5 Reasons You're Unable To Achieve Work-Life Balance

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Work-life balance doesn't have to be elusive. It's not a fairytale or an impossible dream. It's real, and it can be real for you if you understand the reasons it's eluding you. 

Work-life balance has become one of those buzz terms that we all think we know the meaning of. But the truth is, there is no one answer. Work-life balance looks different for everyone. And each person's version is as legitimate and worthy as the next. That leads us to the first reason work-life balance is eluding you.

1. You're basing it on someone else's definition of work-life balance.

You've read the magazine articles about having it all. That picture perfect image of work-life balance means spending a desirable amount of time with family and friends while easily managing work demands. But in reality, it's more than, "If I take off a little early, I can make my kid's basketball game." It's understanding what is important to you and prioritizing it just like you would this week's to-do list. I advocate for making skillful, courageous, conscious choices about the use of your energy and time.

No two work-life balance scenarios look the same. Just like Yoga, work-life balance is a personal practice—one that doesn't compete with others or that doesn't have the same components as anyone else's. It also doesn't mean you'll be in a constant state of Zen. What is important is knowing what gives you a sense of purpose and joy, and then making time for it. Which leads us to the next reason you can't find work-life balance.

2. You've not done the work to figure out what's meaningful to you.

We all have things that attract us. We each have a talent for something and when we're engaged in that something, it doesn't feel like work. It just flows out of us. I'm not talking just the romantic things like art, music or creative writing.  For some it might be doing hair. For others it might be cleaning. Or maybe it's spending time with children who aren't your own.

It's something you love to do, but not the field you've chosen to work in. Somewhere along the way, someone said, "You can't make any money at that."  "That's not a real job."  Or, "You're smarter than that. You can make a better living doing (fill in the blank)."  And that's what you did. 

So where's your joy? Buried deep beneath one of the LIES that limit—the labels, illusions, excuses and stories—fed to you by those looking out for your best interest. Once you learn how to reconnect with your childhood calling, you'll be able to identify the thing that you must make time for in order to feel whole.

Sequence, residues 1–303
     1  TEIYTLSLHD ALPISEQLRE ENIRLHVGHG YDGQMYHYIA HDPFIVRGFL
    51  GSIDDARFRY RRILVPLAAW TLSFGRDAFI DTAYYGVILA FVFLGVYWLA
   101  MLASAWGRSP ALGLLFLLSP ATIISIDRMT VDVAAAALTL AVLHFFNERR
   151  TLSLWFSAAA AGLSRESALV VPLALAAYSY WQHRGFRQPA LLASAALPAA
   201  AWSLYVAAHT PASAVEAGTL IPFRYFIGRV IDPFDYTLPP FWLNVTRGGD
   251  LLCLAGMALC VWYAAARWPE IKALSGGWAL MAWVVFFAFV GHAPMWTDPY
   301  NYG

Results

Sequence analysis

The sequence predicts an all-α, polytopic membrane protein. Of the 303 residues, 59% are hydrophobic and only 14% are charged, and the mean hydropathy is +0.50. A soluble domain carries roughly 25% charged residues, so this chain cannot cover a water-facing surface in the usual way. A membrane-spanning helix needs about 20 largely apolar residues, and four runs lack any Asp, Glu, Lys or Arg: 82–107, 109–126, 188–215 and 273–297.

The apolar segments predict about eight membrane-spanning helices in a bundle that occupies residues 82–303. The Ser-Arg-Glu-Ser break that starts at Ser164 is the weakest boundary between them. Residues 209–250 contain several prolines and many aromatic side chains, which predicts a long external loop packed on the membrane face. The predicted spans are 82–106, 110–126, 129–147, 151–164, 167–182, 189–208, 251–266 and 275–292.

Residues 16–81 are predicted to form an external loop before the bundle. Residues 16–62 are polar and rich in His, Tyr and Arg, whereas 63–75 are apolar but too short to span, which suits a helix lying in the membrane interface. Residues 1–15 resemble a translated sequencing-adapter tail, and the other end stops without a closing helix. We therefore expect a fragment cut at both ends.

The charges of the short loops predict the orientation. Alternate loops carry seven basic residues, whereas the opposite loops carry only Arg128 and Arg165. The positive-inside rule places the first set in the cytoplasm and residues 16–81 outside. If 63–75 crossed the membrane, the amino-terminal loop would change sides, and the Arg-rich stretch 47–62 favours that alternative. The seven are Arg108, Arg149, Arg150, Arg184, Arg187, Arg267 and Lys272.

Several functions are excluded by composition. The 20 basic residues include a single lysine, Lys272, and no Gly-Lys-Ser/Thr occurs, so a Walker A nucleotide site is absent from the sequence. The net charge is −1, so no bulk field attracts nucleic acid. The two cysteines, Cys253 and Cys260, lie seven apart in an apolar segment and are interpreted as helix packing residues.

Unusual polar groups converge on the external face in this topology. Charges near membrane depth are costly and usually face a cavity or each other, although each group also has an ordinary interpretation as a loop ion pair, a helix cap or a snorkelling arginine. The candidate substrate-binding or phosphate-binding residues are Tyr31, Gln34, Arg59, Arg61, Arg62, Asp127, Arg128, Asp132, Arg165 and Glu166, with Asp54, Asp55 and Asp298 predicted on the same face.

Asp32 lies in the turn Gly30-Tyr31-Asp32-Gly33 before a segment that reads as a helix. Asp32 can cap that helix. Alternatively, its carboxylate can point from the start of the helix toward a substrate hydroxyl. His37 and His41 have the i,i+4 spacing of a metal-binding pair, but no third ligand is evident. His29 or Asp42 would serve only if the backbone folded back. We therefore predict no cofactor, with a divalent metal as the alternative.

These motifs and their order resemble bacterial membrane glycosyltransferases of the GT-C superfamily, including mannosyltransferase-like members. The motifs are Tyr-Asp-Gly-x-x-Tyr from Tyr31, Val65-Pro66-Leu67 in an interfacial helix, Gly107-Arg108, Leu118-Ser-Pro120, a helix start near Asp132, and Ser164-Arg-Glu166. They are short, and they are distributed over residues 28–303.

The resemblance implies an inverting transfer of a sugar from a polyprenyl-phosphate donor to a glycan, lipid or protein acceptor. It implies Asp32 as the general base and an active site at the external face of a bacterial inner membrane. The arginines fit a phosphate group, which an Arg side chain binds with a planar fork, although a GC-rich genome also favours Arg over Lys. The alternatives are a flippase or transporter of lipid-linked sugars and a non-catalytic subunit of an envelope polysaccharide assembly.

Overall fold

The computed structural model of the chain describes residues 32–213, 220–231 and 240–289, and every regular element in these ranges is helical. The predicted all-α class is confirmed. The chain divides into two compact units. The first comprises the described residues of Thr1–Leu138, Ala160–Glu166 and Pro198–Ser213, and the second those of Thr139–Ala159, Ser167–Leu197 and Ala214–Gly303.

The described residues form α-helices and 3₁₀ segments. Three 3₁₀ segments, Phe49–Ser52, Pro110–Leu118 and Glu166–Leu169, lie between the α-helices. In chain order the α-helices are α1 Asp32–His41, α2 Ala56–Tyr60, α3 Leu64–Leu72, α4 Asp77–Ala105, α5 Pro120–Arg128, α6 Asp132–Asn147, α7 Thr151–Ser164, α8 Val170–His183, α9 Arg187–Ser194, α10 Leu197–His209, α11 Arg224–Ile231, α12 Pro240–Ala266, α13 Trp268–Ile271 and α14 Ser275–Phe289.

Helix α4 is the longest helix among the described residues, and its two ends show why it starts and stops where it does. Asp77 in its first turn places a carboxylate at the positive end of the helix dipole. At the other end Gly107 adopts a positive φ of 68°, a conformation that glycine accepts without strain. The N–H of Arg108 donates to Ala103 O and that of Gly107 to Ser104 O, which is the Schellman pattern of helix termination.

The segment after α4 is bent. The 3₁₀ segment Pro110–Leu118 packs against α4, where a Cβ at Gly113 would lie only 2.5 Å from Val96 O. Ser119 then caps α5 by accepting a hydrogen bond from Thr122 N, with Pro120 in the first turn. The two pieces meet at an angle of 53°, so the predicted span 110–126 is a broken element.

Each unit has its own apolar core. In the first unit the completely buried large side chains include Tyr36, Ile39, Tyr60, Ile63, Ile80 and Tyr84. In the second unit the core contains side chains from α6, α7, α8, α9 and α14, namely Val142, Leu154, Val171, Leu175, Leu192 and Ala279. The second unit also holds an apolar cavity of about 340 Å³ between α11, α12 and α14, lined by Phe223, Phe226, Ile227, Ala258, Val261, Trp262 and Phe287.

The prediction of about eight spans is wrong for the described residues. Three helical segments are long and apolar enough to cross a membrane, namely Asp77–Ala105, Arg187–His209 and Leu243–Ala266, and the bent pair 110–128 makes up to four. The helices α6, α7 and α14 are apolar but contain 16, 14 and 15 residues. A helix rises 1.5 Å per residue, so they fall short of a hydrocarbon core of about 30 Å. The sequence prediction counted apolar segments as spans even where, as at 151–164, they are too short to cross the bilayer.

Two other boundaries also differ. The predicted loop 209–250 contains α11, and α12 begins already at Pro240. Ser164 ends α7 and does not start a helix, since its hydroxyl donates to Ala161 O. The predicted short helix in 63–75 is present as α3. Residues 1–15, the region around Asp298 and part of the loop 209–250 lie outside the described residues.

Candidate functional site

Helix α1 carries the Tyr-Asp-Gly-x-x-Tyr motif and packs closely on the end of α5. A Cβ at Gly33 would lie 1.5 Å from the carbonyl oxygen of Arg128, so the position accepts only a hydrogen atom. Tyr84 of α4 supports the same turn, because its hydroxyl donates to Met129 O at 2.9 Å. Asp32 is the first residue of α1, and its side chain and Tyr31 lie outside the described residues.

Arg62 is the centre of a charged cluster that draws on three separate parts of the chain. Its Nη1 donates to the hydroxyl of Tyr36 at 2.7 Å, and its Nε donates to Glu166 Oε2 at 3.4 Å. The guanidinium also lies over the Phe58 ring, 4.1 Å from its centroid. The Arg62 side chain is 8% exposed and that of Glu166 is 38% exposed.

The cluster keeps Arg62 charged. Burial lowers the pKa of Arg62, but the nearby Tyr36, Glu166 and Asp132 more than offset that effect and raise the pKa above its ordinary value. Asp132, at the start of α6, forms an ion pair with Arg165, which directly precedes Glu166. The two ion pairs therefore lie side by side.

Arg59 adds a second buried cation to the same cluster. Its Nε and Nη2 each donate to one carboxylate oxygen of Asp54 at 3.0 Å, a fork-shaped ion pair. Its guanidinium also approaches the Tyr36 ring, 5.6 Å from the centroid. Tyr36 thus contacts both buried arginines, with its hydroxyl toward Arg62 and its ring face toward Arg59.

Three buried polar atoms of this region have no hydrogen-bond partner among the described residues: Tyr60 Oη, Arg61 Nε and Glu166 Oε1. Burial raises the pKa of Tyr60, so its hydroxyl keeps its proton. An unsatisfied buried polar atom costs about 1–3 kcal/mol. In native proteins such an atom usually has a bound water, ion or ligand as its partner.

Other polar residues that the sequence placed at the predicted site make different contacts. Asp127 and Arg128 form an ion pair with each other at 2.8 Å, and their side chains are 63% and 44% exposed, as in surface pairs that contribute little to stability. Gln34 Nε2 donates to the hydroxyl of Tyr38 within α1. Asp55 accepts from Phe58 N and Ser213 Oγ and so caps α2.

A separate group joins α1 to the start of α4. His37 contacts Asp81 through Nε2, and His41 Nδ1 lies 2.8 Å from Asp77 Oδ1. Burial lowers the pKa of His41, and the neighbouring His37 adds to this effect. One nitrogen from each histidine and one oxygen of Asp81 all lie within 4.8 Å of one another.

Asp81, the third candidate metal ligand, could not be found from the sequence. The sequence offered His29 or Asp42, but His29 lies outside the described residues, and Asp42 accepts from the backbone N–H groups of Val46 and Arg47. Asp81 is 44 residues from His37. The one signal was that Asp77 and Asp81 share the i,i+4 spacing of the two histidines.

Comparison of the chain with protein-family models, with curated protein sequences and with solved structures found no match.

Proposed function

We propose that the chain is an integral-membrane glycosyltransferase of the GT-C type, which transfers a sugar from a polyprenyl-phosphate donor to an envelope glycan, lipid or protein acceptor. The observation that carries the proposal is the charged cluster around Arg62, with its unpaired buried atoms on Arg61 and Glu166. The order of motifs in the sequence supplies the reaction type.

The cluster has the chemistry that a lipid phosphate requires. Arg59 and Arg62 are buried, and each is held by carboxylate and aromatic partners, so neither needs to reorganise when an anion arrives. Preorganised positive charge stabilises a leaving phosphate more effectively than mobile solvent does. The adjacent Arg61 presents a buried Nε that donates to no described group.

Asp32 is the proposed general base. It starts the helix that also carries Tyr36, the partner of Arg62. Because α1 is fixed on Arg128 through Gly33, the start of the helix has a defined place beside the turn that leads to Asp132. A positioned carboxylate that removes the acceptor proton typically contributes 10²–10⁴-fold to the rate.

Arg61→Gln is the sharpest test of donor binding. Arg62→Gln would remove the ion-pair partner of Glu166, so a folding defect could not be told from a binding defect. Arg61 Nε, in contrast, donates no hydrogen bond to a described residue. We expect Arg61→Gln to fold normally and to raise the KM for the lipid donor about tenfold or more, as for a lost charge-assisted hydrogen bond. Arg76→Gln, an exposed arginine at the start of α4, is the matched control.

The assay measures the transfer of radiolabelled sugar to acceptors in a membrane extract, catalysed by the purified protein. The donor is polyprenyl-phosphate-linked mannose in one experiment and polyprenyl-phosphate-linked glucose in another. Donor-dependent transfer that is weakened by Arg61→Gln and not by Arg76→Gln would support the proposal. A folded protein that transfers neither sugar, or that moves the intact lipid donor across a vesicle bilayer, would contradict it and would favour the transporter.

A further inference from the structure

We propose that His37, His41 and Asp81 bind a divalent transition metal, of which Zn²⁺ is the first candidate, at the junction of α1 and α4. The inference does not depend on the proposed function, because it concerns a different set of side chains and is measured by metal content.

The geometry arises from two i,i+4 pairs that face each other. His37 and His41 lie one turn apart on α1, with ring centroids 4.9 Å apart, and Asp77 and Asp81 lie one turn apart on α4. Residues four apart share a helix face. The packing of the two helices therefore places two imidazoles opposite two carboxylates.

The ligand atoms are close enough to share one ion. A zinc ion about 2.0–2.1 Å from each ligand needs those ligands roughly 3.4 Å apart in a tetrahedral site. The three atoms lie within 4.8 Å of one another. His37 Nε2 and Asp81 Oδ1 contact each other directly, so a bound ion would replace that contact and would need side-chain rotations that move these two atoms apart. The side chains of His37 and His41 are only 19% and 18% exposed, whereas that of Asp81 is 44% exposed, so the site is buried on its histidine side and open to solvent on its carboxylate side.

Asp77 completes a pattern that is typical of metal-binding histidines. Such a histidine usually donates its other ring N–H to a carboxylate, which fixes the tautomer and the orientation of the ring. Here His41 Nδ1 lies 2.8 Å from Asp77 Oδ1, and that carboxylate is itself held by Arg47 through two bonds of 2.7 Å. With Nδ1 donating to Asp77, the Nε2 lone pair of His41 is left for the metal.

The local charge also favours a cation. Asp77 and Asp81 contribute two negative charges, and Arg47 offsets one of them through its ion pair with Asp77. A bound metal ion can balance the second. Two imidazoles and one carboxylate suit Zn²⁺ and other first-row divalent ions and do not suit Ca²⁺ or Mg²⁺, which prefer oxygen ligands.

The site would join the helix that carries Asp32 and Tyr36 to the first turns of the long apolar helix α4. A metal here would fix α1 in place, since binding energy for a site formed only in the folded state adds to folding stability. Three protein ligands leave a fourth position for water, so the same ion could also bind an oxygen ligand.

3. You haven't defined your boundaries.

If the thing that makes you whole doesn't fit into the round hole others have carved out for you, then you have a hint as to where your boundaries lie. Boundaries are more than the line between you and abusiveness—mild or menacing.  Boundaries protect your time that should be spent with the things you value. Saying no to invitations or perceived obligations that stand between you and your joy isn't an act of selfishness. It's an act of self-preservation. And it's ok.

4. You don't feel you deserve to put yourself first.

As women, putting ourselves first equates to high sin. It's selfish. It's self-centered. We've been conditioned to believe that it's absolutely unacceptable if we have children, a husband, aging parents and friends or extended family in need. We must give of ourselves until we have no more left to give. If we don't, we'll be bad people. People will say and think bad things about us. OH MY.

While they're bitching about your absence (which they probably aren't unless you're one of the "Real Housewives" and you missed an expensive botox party or birthday trip to Vegas), you're giving yourself the gift of recharging your batteries with something that makes you smile—something that connects you to your unique purpose. 

You don't have to explain it to anyone. You don't have to get anyone's permission. It's all yours. So, say 'no thank you' and get your crocheting on!

5. You don't have tools to reel you back in when others try to take over. 

I have a morning practice that I call "Clear, Connect, Capture." 

  • Clear:  I use simple movements—breathing, stretching, walking, yoga or dance—to clear my body of stale, stuck energy, so that I'm awake and present.
  • Connect:  Breathing deeply, I give my attention to my inner being. I tune in for connection, insights or just the peace and satisfaction of going within to listen. As in any relationship, the more we pay attention and listen to our inner self, the more we strengthen the relationship. 
  • Capture:  In my journal, I make note of any words, images, ideas, insights, feelings, physical sensations, questions, tasks—whatever comes forward from connection with my inner being, my deeper self. 

While my description of the process is lengthy, the practice doesn't have to be. No matter how much or how little time I have, I consistently show up to be with myself. Sometimes, all I have is literally 2, 3, 5 minutes. On days when I have more time, I happily devote more time. 

If we structure our lives to satisfy others' expectations, predictably, we will be out of balance because we haven't accounted for our own needs. That's where the work is: getting clear about our deepest values, priorities, needs, preferences and structuring life based on our own truth. Bucking tradition and expectations has a cost associated with it.  Not having the quality of life you want costs, too. The question becomes, which price are you most willing to pay?   

Give yourself the gift of authentic inner peace this holiday season. Pick up a copy of my book "LIES That Limit: Uncover the Truth of Who You Really Are."  Your happiness is worth investing in. Only $5.95 for Kindle and e-ReadersThe paperback version is just $11.66.

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